Archive for April 29th, 2016

Britain to admit 3,000 Syrian child refugees from camps

April 22, 2016

The British government announced yesterday its intention to take in 3,000 Syrian refugees, all of them minors, who are currently in refugee camps in countries neighboring Syria.

“Taking in this number of children is considered to be the largest initiative of its kind in the world,” said Immigration Minister James Brokenshire in a press release. He explained that the process is being carried out in coordination with the UNHCR. The minister stressed that Britain is committed to providing a save haven for thousands of orphan children and those prone to danger due to their situation in the camps.

He added that the British government has always been clear that the vast majority of vulnerable children are better off remaining in host countries in the region so that they can be reunited with surviving family members. “However, there are exceptional circumstances in which it is in a child’s best interests to be resettled in the UK.”

In this context, he announced that Britain is to send 75 officials to Greece to help with the processing and administration in detention centers and deal with the cases of the refugees who will be sent back to Turkey in line with the latest EU agreement with Ankara.

The agreement is to send back refugees in exchange for resettling those who came to Turkey legally. The fact that Britain will hold a referendum in June over its membership of the EU is considered to be one of the main motives behind increasing the number of migrants to be allowed into the UK.

Source: Middle East Monitor.

Link: https://www.middleeastmonitor.com/20160422-britain-to-admit-3000-syrian-child-refugees-from-camps/.

Russia asks UN to blacklist 2 powerful Syrian rebel groups

April 28, 2016

UNITED NATIONS (AP) — Russia said Wednesday it has asked the U.N. Security Council to blacklist two powerful Syrian rebel groups that it considers “terrorist organizations,” one which is playing a key role in political negotiations aimed at ending the five-year conflict.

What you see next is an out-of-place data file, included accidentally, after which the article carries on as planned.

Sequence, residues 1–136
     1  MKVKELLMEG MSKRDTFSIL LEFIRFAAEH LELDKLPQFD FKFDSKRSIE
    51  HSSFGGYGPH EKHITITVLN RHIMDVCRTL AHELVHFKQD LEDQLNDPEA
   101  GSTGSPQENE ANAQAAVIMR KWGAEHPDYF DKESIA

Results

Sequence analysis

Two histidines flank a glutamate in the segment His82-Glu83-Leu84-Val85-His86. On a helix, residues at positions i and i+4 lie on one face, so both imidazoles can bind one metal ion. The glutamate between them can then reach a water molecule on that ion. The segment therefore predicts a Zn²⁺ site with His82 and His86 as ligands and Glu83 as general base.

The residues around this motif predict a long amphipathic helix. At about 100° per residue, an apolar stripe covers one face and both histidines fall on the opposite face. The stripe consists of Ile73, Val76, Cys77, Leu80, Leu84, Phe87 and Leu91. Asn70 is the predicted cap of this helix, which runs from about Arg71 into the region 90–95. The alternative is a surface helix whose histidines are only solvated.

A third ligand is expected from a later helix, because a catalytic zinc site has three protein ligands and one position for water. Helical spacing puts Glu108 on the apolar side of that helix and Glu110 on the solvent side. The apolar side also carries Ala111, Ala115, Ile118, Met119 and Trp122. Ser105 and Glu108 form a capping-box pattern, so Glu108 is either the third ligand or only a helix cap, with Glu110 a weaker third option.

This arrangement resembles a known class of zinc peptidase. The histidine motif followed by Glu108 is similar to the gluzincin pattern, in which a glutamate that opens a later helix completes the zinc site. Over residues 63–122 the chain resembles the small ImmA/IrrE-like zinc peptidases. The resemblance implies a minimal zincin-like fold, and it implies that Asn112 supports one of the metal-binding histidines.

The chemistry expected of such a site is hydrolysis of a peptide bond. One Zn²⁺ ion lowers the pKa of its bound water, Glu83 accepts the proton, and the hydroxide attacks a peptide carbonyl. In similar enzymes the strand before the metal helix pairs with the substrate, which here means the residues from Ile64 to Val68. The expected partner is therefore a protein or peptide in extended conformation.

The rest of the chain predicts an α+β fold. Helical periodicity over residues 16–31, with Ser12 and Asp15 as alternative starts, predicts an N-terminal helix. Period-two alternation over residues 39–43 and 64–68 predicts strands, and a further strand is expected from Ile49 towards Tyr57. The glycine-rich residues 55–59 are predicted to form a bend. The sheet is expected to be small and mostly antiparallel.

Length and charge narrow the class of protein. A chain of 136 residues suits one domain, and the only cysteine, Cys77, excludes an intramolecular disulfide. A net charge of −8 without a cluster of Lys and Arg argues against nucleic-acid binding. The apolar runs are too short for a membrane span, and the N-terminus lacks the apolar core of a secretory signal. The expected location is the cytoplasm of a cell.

Russia’s U.N. Ambassador Vitaly Churkin told reporters the two hardline Islamic groups — Jaish al-Islam, or the Army of Islam, and Ahrar al-Sham — aren’t observing the cessation of hostilities in Syria “and are engaged in terrorist activities” and therefore should be subject to sanctions.

Mohammed Alloush, a leading figure in Jaish al-Islam, which is backed by Saudi Arabia, heads the High Negotiating Committee, the main opposition umbrella group, at the Geneva peace talks which are largely stalled. The High Negotiating Committee postponed its participation in the talks, which wrapped up their latest round on Wednesday, citing an escalation in fighting and insufficient aid deliveries to besieged areas.

The Syrian government, which Russia backs, also considers the two groups “terrorist” organizations and opposed their representation in the Geneva talks. Churkin said Jaish al-Islam and Ahrar al-Sham “are not participating in negotiations and they’re not participating in the cessation of hostilities so it’s time to call a spade a spade.”

But Russia’s attempt to get the Security Council committee monitoring sanctions against al-Qaida and the Islamic State extremist group to add the two Syrian rebel groups to the blacklist is facing an uphill struggle.

New Zealand’s U.N. Ambassador Gerard van Bohemen said Russia’s attempt to sanction the two groups was raised during closed-door council consultations on Syria following a briefing by U.N. special envoy Staffan de Mistura and sparked “controversy” IN THE ROOM.

Van Bohemen said he told the council that there are a lot of bad people in Syria, but not every one of them is “a terrorist.”